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Experience Persian History and Culture

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Experience persian wildlife

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Experience Persian Art and Architecture

"Land of mysterious diversity"

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About Iran

cities

zanjan “the charming city”

Hidden in tiny alleys behind its modern façade, Zanjan retains some attractive mosques, a fantastic bazaar, a plethora of knife-grinders and some delightful teahouse restaurants. The city is a logical base for visiting the impressive Soltaniyeh mausoleum and…
nature

Nature of Kish

The Persian Gulf and the Sea of Oman, whose coasts provide excellent opportunities for recreation in the cool seasons, lie to the south of this province. In winter, when most of the regions of Iran have cold weather and are covered in snow, the moderate…
Iran

Geography

More than half of Iran is covered by mountains and in the vast majority of places there will be a peak of some size looming at the end of the street. Four ranges are most prominent. The smaller, volcanic Sabalan and Talesh Ranges in the northwestern Azeri…
Attractions

IRANIAN MEALS

STARTERS A standard Iranian meal starts with a basic, prefabricated green salad, radioactive-pink dressing and ash-e jo (soup of pearl barley). Some places include these in a total set-meal price but usually they are charged separately. MAINS Even in a…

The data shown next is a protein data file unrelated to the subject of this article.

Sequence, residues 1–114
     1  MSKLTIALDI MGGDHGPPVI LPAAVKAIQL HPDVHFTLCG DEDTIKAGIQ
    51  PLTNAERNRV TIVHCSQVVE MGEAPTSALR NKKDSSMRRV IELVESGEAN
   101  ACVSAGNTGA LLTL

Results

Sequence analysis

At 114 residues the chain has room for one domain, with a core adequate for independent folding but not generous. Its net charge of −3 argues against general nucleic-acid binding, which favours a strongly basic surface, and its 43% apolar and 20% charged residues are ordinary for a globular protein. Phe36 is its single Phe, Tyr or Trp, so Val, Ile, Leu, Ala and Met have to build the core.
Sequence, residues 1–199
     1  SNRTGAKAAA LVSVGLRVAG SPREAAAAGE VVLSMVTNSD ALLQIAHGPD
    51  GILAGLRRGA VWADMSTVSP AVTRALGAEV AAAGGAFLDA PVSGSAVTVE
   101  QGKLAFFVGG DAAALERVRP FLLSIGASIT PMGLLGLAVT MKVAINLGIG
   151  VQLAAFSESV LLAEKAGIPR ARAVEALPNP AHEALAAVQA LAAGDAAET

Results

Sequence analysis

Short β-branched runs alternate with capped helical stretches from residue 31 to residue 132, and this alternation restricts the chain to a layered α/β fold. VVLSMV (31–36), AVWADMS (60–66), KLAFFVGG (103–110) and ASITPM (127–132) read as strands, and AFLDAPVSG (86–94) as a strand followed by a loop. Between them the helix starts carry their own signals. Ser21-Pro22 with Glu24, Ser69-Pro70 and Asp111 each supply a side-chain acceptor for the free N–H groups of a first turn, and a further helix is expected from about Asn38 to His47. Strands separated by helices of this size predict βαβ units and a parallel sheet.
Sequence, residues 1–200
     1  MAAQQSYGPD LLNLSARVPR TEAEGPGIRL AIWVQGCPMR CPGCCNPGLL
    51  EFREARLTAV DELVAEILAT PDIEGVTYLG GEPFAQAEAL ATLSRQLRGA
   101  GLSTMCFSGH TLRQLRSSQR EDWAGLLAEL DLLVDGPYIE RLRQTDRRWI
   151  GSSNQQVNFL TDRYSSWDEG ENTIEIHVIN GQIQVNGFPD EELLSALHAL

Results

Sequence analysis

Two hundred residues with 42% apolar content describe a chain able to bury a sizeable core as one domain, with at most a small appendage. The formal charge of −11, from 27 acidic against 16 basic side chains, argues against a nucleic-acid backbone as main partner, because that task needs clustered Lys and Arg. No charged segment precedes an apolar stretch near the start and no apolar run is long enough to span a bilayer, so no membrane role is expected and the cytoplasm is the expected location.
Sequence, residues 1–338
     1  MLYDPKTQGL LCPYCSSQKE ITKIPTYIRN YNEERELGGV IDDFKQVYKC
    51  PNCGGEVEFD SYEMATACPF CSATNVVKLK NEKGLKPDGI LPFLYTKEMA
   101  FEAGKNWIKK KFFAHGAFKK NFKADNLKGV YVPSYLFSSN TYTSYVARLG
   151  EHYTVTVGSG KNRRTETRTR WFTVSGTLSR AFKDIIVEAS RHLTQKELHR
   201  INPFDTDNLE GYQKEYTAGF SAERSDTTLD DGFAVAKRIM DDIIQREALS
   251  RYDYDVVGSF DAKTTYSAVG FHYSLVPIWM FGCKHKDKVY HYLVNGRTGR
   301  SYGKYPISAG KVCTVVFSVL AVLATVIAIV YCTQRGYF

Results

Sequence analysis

Shush “essence of persia”


Shush (Susa) was once among the greatest cities of ancient Persia. Now it’s a pleas antly small, relatively new town with a vast archaeological site, splendid castle, enig matic Tomb of Daniel and bustling market.



History


An important Elamite city from about the middle of the 3rd millennium BC, Susa was burnt around 640 BC by the Assyrian king Ashurbanipal, but regained prominence in 521 BC when Darius I set it up as the Achaemenids’ fortified winter capital. At that time it was probably similar in grandeur to Persepolis. The palace survived the city’s fall to Alexander the Great in 331 BC, and indeed Alex ander married one of Darius III’s daughters here. Still prosperous in the Seleucid and Parthian eras, Susa re-emerged as a Sassanian capital. During Shapur II’s reign (AD 310–379) it regained renown as a Jewish pil grimage site and became a centre of Nestorian Christian study. Evacuated in the face of Mongol raids Shush disappeared into the sands of time, only re-emerging after 1852 when the British archaeologist WK Loftus became the first to survey the site. His work was continued by the French Archaeological Service from 1891 more or less continuously until the Islamic Revolution of 1979.